The Crime Files series (under the stewardship of Clive Bloom) is proving to be an invaluable one for students of the crime fiction form – and I can make that claim without the slightest accusation of logrolling, even though I’ve contributed to the series myself (though not this volume). But speaking objectively, a book such as Steven Powell’s 100 American Crime Writers is something of a revelation, particularly as I was convinced that there was very little that I could learn about the subjects under consideration here. How wrong I was! Commissioning a variety of writers (of whom the most celebrated is probably as the Rap Sheet’s J Kingston Pierce) to offer fresh insights into such US luminaries as Chandler, Connelly, Goodis, Cornwell and Willeford is an enterprise that has born a rich crop of fruit and – most importantly – has provided a slew of fresh insights into much-travelled territory. Less familiar, however, are some of the subjects here, such as the underrated Frederick Nebel, Frank Gruber and Roy Huggins (writer and creator of such iconic television series as 77 Sunset Strip and The Rockford Files).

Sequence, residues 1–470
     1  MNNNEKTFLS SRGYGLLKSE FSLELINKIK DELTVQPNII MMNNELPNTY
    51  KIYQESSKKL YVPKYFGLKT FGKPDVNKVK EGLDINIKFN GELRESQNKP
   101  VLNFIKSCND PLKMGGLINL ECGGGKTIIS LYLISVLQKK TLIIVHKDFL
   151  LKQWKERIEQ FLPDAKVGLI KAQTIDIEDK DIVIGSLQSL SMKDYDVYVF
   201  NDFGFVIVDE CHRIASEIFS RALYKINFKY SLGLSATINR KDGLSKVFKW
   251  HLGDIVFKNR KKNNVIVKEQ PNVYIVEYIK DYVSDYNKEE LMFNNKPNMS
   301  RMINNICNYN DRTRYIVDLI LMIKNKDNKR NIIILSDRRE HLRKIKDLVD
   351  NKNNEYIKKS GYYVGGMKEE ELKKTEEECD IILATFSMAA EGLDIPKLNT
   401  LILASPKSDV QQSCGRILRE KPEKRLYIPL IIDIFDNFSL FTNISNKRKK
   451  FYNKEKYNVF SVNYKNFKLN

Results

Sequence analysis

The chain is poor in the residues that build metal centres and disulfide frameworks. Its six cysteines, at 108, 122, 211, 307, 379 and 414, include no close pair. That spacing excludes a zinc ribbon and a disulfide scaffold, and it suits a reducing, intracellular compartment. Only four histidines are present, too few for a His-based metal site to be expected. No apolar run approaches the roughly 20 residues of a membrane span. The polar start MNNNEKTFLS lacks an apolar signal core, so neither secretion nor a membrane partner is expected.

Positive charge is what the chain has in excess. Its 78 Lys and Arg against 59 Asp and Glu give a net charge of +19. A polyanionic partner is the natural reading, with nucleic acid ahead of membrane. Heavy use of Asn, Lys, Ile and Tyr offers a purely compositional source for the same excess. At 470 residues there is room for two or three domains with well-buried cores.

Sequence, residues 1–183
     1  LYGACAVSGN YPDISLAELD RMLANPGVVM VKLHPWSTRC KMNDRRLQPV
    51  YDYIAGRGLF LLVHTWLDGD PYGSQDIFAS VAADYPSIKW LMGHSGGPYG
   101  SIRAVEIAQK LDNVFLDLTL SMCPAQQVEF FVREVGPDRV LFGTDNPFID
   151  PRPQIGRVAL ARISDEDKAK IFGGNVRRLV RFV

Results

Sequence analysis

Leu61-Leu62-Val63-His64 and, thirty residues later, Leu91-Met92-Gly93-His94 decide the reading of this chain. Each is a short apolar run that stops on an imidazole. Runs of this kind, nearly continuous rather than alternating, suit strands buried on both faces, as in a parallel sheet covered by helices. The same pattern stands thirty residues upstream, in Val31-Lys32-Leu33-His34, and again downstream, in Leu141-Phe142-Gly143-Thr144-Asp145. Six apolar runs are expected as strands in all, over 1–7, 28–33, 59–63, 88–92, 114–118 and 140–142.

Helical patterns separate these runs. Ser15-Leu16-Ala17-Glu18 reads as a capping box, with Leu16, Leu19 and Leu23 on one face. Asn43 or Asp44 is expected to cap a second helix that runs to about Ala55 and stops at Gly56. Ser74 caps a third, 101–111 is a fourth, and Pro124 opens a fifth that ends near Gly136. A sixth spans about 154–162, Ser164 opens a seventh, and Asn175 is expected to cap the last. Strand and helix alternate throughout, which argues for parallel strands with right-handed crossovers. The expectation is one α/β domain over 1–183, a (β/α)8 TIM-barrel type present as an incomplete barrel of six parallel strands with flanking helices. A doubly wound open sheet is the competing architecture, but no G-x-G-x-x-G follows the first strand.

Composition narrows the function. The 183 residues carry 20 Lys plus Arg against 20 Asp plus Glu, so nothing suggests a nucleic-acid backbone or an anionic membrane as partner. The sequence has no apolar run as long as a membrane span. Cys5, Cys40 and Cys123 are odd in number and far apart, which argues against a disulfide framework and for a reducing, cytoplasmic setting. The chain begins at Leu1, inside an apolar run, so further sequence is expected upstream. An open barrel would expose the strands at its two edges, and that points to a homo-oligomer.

The most cogent comment one might make about the book is this: if you think you are going to pick up 100 American Crime Writers and simply dip into it, you will find that not such an easy impulse. What’s more, it will cost you money: within just a few pages I was making a note of the books I had to buy, even with my shelves groaning under hundreds of similar crime novels. An essential purchase.

100 American Crime Writers Steven Powell, editor, is published by Palgrave Macmillan

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